Official estimates confirm, over 125 million people or 40% of the global population resides within the span of 62 miles or 100 km along the coastline. The figure infers, lives and livelihoods of millions of people, who thrive on the sea, are endangered owing to the rising sea levels.
High tides or storm riding the high seas are known to devastate barrier islands, mangroves, salt marshes and sand dunes, drowning these natural safeguards against the erratic sea. Interrupting fresh water supplies by contaminating ground water and the irrigation sources in low coastal belts, rise in the sea level, can inundate vast stretches destroying biodiversity and disturbing the ecological balance. This manifests one among many of the effects of global warming in the most violent form.
According to IPCC (Inter Governmental Panel on Climate Change) reports, melting ice sheets will contribute to rising sea levels by over 75 centimeter within 2100.
Speaking specifically with reference to Australia, within 50 years property worth over 150billion$ is at risk due to being located in the high risk zone. Among the recent examples, the intensity of storm in New South Wales Central Coast in 2007 caused over 2,00,000 homes to lose power, forcing thousands to evacuate and charging an overwhelming 1.3billion$ as insured costs. States of Victoria, New South Wales and Tasmania rank high on ‘top of sea level rise’, based on storm tide data, that might experience a replacement value of 63 billion$ solely in case of residential buildings if the rise is up to 1.1 meter as per reports of Commonwealth Scientific and Industrial Research, manifesting one of the dire consequences of the effects of Global Warming in Australia.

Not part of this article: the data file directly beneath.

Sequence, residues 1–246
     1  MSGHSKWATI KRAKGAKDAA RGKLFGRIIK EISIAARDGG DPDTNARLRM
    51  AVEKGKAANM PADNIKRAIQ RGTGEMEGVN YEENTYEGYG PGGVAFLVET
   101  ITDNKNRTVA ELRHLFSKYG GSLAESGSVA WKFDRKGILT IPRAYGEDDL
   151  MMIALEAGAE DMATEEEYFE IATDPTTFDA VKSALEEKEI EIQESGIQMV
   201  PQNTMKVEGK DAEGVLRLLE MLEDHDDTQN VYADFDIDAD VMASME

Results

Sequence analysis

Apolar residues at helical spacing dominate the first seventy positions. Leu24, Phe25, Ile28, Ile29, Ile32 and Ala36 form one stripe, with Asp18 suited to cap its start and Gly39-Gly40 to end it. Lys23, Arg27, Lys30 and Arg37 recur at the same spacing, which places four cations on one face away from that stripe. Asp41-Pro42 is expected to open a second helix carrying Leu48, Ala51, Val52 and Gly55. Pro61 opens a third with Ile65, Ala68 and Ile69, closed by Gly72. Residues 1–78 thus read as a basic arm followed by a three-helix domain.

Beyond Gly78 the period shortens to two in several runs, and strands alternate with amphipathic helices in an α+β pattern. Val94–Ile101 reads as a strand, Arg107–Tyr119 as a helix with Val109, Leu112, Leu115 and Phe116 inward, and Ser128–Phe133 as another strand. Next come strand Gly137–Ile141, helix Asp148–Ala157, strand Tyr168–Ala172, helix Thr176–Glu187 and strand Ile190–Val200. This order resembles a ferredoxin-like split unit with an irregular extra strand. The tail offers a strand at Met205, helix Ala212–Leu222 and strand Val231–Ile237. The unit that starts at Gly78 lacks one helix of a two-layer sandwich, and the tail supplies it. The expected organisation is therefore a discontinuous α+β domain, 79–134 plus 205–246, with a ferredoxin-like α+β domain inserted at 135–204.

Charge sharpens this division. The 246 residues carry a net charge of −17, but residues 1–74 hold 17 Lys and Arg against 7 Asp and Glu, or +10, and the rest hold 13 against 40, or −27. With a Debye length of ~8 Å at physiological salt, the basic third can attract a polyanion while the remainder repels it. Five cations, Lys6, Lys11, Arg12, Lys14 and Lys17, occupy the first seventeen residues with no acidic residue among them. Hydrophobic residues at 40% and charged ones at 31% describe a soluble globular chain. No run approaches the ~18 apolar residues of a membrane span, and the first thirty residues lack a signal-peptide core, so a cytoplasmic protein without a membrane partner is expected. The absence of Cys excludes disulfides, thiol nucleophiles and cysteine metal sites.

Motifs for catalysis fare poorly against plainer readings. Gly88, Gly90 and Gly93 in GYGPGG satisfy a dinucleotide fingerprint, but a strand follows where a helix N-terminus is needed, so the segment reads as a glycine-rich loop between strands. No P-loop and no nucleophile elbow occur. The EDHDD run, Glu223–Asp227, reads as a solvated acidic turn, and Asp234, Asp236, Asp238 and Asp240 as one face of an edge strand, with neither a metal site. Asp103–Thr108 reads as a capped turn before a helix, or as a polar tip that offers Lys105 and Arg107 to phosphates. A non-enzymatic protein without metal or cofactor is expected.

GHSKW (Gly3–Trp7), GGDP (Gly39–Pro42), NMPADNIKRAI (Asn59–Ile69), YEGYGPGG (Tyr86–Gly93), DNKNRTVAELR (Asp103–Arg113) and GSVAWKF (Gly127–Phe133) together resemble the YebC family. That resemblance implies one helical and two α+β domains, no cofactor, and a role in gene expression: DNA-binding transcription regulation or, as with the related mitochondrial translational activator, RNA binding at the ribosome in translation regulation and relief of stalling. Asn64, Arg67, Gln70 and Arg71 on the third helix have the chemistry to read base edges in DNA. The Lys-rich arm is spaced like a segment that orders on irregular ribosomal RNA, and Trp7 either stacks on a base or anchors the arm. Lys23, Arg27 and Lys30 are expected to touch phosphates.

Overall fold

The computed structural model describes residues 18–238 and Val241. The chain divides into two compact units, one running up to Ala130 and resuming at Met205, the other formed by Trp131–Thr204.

Global warming augurs mayhem for Coastal communities as well as indigenous population unless people, government authorities as well as scientific research organizations share lessons on local adaptive planning focused on a sustainable future for coastal zones.